CURA is a world leader in diagnosing and treating tracheobronchomalacia (TBM). When you make an appointment with our TBM Program, you will benefit from the expertise of a multidisciplinary team of interventional pulmonologists, thoracic surgeons, ear/nose/throat specialists, speech pathologists, endocrinologists, general pulmonologists, behavioral health providers, anesthesiologists, and radiologists.

We evaluate and treat more patients with TBM than anywhere else in the United States. Through our TBM Program, we offer you an extraordinary level of expertise and care.

Treatment of Mild or Moderate TBM

We determine whether you have TBM, and how severe it is, by assessing your symptoms and how much your airway narrows when you breathe. If your TBM is diagnosed as mild or moderate, treatment is symptomatic and options include:

Airway oscillatory devices (flutter valve)

  • These are hand-held devices to help clear your airways. You inhale, and then exhale forcefully. This helps clear phlegm and mucus.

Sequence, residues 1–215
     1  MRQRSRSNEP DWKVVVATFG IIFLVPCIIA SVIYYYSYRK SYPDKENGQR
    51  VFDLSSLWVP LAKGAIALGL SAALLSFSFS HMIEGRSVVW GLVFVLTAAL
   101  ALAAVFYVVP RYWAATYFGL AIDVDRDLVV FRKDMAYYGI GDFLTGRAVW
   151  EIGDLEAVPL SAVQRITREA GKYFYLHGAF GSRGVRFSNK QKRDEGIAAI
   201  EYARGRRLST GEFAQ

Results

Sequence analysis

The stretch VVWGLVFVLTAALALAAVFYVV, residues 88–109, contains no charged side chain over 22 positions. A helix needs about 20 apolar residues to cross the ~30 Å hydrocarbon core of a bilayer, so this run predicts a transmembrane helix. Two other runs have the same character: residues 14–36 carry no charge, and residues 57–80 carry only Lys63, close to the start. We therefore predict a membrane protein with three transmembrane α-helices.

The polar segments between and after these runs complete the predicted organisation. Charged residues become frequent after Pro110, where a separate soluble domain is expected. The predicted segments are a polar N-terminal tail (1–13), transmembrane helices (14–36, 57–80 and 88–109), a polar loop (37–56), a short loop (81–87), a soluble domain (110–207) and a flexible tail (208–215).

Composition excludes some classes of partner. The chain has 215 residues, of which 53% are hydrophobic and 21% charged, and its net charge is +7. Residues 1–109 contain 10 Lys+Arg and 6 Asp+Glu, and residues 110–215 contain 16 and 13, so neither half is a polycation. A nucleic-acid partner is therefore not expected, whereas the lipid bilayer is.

External percussion vests

  • These inflatable vests are connected to a compressor and help clear the lungs of mucus and phlegm. These are usually used 2 or 3 times a day.


  • This is a medication that makes it easier to cough up mucus and phlegm, clearing the airways.

Pulmonary rehabilitation

  • This involves education and training to improve your quality of life. You will learn more about TBM, and how to breathe more productively, conserve energy, and keep active.

Pursed lip breathing

  • This is a breathing technique in which you inhale through your nose, while keeping your lips closed, and then exhale through tightly pursed lips. It is a simple yet effective way to slow your breathing and alleviate shortness of breath.

CPAP (continuous positive airway pressure) or BiPap (Bilevel positive airway pressure)

  • A CPAP or BiPap device is used while you sleep. Both devices increase the air pressure in your throat, so that your airway doesn’t collapse when you breathe.


If your TBM is severe, we conduct further tests to determine if you might benefit from a surgical procedure called tracheobronchoplasty. This procedure offers effective and permanent treatment for TBM.